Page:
How Care Management Done Right Improves Patient Satisfaction and ROI

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Care management has taken a central role in the national conversation around population health management, and with good reason. As a foundational element of an effective population health strategy, effective care coordination enables health systems to take better care of patients while ultimately reducing redundant and unnecessary utilization.

Successful Care Management in Action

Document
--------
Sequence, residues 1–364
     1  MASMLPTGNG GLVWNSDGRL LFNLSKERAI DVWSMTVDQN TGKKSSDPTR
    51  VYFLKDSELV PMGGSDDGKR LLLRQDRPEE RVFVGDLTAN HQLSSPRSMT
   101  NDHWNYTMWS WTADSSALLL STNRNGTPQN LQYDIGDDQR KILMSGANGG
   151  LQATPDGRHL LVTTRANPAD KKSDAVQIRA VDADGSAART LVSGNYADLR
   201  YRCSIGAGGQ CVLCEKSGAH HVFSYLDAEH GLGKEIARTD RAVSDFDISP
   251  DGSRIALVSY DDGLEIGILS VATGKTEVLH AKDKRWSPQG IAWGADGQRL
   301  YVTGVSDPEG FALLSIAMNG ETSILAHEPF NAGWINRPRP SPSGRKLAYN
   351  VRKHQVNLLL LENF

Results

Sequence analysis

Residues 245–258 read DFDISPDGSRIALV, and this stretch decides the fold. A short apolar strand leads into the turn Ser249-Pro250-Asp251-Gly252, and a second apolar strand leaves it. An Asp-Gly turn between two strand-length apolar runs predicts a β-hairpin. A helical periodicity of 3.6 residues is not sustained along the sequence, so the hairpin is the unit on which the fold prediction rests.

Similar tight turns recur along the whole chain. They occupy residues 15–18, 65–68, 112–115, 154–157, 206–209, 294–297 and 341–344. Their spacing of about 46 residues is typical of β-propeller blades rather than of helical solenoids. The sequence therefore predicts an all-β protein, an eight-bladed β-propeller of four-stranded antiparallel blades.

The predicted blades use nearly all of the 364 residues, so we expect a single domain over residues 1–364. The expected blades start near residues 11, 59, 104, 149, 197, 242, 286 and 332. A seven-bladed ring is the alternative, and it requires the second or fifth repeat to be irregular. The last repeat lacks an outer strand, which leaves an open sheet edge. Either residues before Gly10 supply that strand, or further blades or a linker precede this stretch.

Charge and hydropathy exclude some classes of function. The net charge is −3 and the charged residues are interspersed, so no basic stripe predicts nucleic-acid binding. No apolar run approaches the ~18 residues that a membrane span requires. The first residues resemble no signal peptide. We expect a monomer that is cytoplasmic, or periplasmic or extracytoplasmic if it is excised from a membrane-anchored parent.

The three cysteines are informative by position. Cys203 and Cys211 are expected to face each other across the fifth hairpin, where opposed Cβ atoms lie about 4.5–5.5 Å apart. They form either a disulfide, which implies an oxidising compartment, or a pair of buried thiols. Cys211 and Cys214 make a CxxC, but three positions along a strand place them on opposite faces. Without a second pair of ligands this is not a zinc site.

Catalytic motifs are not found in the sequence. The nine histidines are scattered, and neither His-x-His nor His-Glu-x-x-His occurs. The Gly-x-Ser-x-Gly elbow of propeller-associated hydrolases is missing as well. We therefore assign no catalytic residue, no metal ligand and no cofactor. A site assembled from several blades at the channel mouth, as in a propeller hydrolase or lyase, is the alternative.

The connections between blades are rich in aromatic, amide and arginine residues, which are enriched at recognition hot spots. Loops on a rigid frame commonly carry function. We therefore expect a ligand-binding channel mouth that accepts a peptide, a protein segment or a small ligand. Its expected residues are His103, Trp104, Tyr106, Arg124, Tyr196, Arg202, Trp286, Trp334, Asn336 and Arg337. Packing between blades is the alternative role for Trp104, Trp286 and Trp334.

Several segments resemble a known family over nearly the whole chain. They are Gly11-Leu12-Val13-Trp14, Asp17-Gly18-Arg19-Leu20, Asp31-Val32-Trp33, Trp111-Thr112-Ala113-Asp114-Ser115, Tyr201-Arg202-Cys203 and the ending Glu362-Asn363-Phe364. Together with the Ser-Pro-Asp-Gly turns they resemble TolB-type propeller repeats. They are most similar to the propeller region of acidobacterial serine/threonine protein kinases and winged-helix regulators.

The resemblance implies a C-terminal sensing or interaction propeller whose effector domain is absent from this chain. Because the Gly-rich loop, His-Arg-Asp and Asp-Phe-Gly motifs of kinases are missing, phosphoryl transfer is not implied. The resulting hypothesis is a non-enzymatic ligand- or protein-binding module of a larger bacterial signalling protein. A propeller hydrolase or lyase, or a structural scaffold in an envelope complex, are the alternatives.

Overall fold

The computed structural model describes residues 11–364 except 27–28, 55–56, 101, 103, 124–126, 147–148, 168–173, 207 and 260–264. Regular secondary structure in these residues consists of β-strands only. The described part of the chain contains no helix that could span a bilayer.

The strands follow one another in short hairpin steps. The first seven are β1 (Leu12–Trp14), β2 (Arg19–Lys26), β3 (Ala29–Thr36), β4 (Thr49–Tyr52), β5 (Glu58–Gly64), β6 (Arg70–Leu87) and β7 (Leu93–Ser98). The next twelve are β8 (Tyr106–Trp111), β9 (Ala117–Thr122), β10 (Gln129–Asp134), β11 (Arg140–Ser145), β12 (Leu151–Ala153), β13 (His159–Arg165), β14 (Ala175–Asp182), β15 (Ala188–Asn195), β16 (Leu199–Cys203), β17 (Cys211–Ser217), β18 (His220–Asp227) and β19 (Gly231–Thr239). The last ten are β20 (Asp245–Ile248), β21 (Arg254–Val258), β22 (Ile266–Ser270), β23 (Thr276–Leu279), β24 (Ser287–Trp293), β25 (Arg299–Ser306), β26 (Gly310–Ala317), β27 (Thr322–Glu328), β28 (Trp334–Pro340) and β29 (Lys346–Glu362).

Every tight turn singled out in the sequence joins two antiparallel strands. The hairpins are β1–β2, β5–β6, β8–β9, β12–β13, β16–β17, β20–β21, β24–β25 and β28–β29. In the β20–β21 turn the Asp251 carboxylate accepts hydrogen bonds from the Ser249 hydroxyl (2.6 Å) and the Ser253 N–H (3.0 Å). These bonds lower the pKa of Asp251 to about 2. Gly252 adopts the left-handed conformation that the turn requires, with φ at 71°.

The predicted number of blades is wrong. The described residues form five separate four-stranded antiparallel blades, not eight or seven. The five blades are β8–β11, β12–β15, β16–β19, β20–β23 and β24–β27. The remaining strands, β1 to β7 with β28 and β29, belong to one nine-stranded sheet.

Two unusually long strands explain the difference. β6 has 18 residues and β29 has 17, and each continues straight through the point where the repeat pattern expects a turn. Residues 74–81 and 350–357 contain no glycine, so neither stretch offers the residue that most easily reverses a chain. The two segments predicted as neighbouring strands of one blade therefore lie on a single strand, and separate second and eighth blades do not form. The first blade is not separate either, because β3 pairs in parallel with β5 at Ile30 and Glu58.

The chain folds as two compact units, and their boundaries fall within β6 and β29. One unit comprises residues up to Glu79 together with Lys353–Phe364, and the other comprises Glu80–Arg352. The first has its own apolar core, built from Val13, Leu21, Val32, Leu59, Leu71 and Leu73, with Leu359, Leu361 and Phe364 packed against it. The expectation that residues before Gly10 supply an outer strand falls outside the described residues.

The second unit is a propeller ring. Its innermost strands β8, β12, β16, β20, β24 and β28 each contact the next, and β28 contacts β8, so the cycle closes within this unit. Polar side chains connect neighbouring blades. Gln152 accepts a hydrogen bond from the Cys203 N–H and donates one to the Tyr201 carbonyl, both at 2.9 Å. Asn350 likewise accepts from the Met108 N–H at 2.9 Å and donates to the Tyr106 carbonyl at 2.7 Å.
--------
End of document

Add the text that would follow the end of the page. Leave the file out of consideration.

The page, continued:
There are numerous programs around the country that have demonstrated success in care management and coordination. Take the Massachusetts General Hospital Evaluation of Medicare Care Management for High Cost Beneficiaries Demonstration, the pilot site of what is now the Partners iCMP program (with which, in full disclosure, I am affiliated). This program, which targeted beneficiaries with HCC risk scores >2.0 and annual costs of at least $2,000, or scores >3.0 with costs >$1,000, aimed to provide longitudinal care coordination for these complex patients through an embedded, primary care-centric program. Internal analysis provides a little more color around these patients. On average, they took 12.6 medications, had 3.4 hospitalizations per year and had average total medical expenses of around $24,000. By leveraging experienced nurse care managers to work with these patients and their caregivers, the program yielded both clinical and financial success. Through an independent evaluator (commissioned by CMS), the program was assessed after the first three years and the results were impressive. Hospitalization rates were 20 percent lower than the comparison group, ED rates were 13 percent lower for enrolled patients, and mortality per annum was 16 percent (compared to 20 percent for the control group). Furthermore, there was a return on investment of $2.65 for every $1 spent, with 7 percent in annual net savings (after accounting for management fees). In short, doing the right thing for patients proved financially viable.